“I hope that every player makes a decision that leads to their own happiness, whatever happiness that is in life,” Collins said. “I know that I, right now, am the happiest that I’ve ever been in my life.”
The former Celtics center has received a nearly unanimous positive response and lots of support, including a phone call from President Barack Obama.
“It’s incredible. Just try to live an honest, genuine life and the next thing you know you have the president calling you,” Collins said. “He was incredibly supportive and he was proud of me, said this not only affected my life but others going forward.”
Collins also spoke of former tennis star Martina Navratilova‘s decision to come out in 1981, and calls her his “role model.” He added that he could hopefully become someone else’s role model in the future.
Collins, who averaged 1.1 points per game this season with the Celtics and Wizards, is a free agent who plans to continue his career and is expecting continued support.
“From my teammates, I’m expecting support because that’s what I would do for my teammates,” Collins said. “A team is like a family. The NBA is like a brotherhood. And I’m looking at it like we all support each other, on and off the court.”
|04.30.13 at 2:00 pm ET|
Kevin Garnett‘s mantra following the C’s Game 4 victory in Boston — “all out from here on out” — seems to be permeating throughout the locker room, if only because they have no other choice.
‘We have to bring it,” said Green, who brings a playoff average of 20.8 points into Wednesday’s Game 5. “That’s the only way we have a chance to win the game. We’ve just got to play all out.’
The Celtics have had their share of issues against the Knicks, but Green hasn’t been one of them. He’s averaging 5.8 boards, 2.3 assists and a block per game while recording a true shooting percentage of 55.
‘I’ve been working hard,” said Green. “The playoffs are where players are made, and hopefully people are starting to take notice of what I can do, but it is what it is. I know what I can do. I could care less what other people think. It doesn’t matter to me. I’m just trying to win games for my team.’
If only so he doesn’t have to answer any more questions about Garnett or Pierce.
But he’ll still have to answer plenty of questions about everything else. Here are his answers:
|04.30.13 at 1:35 pm ET|
The veteran point guard was asked before Tuesday’s practice if his 18-point performance on Sunday in Game 4 – which included a season-saving 9-0 run at the end of overtime – is a sign that his offensive game is coming around at the right time.
“I’m just feeding off the fact that I don’t want to go home right now,” Terry said. “I feel like we have a lot of basketball left with this particular group. If we win, we get another opportunity to come back here and play another game.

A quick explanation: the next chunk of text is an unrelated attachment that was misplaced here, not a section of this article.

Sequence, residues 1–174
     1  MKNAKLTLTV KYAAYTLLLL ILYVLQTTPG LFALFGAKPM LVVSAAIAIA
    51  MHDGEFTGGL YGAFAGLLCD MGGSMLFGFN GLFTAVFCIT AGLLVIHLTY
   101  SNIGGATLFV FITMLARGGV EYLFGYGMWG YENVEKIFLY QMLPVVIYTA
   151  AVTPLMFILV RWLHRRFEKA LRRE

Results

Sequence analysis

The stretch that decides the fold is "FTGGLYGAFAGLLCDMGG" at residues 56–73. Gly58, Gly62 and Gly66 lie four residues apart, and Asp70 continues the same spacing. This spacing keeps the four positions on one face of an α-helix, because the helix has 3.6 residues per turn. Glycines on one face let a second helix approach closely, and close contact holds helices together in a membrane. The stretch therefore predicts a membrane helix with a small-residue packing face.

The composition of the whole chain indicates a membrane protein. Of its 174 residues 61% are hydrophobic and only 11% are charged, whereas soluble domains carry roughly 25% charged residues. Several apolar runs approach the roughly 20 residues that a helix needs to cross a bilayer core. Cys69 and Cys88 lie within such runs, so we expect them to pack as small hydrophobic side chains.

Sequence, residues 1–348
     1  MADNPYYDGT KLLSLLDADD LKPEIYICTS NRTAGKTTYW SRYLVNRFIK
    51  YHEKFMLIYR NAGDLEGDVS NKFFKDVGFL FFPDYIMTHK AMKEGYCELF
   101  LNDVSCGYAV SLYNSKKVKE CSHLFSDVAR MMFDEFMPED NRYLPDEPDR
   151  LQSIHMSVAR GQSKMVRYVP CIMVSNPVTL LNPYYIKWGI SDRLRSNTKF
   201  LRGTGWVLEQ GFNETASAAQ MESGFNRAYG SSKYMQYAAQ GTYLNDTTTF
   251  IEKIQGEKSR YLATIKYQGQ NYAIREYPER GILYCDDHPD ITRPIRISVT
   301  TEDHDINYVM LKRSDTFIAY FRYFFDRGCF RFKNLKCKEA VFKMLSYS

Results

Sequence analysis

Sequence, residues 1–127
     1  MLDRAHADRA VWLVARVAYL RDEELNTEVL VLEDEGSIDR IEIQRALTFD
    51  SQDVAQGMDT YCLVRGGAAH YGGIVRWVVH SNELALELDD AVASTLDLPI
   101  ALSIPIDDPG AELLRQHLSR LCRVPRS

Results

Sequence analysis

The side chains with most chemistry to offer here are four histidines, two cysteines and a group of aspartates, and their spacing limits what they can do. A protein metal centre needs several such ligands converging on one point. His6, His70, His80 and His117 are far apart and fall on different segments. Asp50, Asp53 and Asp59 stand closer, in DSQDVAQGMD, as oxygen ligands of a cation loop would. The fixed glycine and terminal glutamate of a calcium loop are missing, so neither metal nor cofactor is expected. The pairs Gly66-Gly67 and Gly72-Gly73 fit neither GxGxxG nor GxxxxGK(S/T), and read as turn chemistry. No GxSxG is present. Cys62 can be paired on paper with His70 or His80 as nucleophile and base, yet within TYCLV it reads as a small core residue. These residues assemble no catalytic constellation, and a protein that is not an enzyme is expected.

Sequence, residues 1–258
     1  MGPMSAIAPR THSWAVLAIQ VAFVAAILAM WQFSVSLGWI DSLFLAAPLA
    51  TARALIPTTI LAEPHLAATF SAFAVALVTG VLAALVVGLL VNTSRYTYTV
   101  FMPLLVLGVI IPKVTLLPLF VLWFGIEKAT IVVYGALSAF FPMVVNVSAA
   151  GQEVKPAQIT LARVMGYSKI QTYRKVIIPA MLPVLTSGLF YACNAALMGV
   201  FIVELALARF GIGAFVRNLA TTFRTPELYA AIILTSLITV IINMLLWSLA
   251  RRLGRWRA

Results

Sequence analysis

“We just know that if we can score 90-plus points, we’re going to have an opportunity to win. We’ve doing a decent job defensively of holding them under their season average but offensively, we’ve struggled. We started to get a little bit of a breakthrough the last game. Hopefully, the floodgates will open and we’ll have one of those performances.”
Indeed, the Celtics scored 97 points in Sunday’s 97-90 Game 4 win, though they needed 53 minutes to reach that figure.
“It’s just staying persistent, staying in the moment and knowing every possession is critical,” Terry said. “You can’t turn the ball over. That’s been a struggle for us this series. If we don’t turn it over, we stay persistent and keep defending the way we are, we’re going to have a great chance shot to win the game.”
Is that Terry’s veteran message to other Celtics?
“This is what I’m saying,” Terry said. “This is my approach. If it feeds on to them, hopefully, it does. If it doesn’t, I still have to go out and play like that for myself to be right.”
Of course, Game 5 in New York will be a hostile environment. Some – like Kenyon Martin predicted on Monday – might call it a funeral for the Celtics season. It was Martin who suggested everyone at Madison Square Garden wear black for the occasion. Read the rest of this entry »
|04.30.13 at 11:57 am ET|
WALTHAM — While his teammates waxed poetically about the focus necessary to win Wednesday’s do-or-die Game 5 against the Knicks in New York, these are the socks Celtics guard Jordan Crawford chose to wear to practice on Tuesday. They have marijuana leaves on them. Nothing says playoff intensity like weed socks.
|04.30.13 at 9:52 am ET|
Collins, a 12-year NBA veteran who started the season with the Celtics and was traded to the Wizards in February, revealed Monday that he is gay. The support from people in and around the league was immediate and impressive.